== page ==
The supply-siders had the insight that incentives matter, that all the effects of policy are at the micro-level, not the macro-level. They argued that people work to earn income, not pay taxes, and when taxes get too high, they won't work. Money's chief function, they said, is to be a storehouse of value and to retain that value over time. The Laffer Curve is at the heart of the theory. It shows that when tax rates get too high, work, effort, and even tax revenues are reduced.Econoclasts recounts Laffer's historic first drawing of the Curve on a cocktail napkin at a meeting in the early 1970s with Dick Cheney, Donald Rumsfeld, and Wall Street Journal associate editor Jude Wanniski. That napkin belongs in the Smithsonian Institution.

It wasn't only Republicans who signed up for this new economic theory. Domitrovic reminds us that the economic wrong-headedness of the '70s had led the nation into a ditch of high inflation, high unemployment, and slow growth—or as they called it in those days, "malaise." Many Democrats revolted in the late '70s and early '80s: Sam Nunn, Dick Gephardt, Lloyd Bentsen, Bill Bradley, and Phil Gramm (before his Republican switch) subscribed to the idea that tax rate reductions could regenerate American economic might. In 1980 the House's Joint Economic Committee under Senator Bentsen issued a report entitled "Plugging in the Supply-side." The House and Senate passed a supply-side income tax cut in 1979 that was vetoed by President Carter. If Carter had signed that bill, there might never have been a President Reagan.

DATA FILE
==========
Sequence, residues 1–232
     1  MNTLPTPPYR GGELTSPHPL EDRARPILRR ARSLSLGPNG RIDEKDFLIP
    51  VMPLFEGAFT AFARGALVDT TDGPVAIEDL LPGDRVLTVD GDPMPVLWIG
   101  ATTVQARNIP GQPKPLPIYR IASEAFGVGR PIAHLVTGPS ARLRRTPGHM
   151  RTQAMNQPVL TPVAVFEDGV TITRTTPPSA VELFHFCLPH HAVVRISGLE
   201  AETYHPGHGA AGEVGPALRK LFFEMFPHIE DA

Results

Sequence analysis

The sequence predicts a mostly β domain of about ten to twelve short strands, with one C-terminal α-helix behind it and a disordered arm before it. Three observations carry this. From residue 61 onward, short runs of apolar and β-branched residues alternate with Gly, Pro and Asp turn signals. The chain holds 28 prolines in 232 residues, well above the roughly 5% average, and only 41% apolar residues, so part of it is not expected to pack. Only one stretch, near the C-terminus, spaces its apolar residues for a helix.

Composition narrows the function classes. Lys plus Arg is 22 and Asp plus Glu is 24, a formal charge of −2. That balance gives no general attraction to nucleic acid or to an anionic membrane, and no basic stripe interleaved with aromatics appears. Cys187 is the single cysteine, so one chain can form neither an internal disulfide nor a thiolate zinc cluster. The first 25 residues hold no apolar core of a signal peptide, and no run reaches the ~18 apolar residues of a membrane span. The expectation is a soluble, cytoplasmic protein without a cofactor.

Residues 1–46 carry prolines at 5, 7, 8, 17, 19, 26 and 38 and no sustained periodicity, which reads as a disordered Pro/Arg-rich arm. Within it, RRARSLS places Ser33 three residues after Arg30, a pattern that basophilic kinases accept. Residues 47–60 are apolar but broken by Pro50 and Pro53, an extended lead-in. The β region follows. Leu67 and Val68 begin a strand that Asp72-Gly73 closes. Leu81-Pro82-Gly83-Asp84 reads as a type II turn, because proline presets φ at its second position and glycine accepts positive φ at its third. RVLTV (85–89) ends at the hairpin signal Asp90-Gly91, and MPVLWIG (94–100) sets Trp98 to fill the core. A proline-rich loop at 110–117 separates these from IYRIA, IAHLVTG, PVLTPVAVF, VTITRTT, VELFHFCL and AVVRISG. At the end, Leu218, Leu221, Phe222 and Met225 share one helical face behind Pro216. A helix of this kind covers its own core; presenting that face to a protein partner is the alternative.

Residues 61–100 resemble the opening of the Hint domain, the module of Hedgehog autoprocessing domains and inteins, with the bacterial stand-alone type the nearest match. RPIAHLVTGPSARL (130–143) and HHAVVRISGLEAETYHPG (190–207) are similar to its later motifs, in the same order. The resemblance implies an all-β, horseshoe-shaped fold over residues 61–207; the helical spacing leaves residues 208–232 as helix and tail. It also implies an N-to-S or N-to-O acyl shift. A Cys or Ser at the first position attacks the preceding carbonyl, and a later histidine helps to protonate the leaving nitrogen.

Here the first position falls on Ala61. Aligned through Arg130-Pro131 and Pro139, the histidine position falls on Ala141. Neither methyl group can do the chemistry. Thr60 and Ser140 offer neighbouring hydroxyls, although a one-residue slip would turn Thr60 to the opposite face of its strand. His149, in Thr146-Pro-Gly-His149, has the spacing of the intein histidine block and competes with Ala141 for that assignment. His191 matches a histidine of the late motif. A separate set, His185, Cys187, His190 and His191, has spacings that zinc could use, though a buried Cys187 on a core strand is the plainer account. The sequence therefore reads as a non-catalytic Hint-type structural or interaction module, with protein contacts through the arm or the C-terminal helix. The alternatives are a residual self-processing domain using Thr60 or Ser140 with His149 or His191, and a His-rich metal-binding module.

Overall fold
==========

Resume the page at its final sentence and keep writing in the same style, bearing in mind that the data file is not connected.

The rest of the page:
But of course it was Reagan who carried the day for the Kemp-Roth tax cut, chopping the income tax rate from 70% to 50% and then to 28%, and cutting the capital gains, dividend, and estate tax rates, too. Just as important, Domitrovic reminds us, was the disinflation of the 1980s under Federal Reserve chairman Paul Volcker whose monetary policy brought the annual rate of increase in the Consumer Price Index from 14.5% down to 3%—something no one thought possible.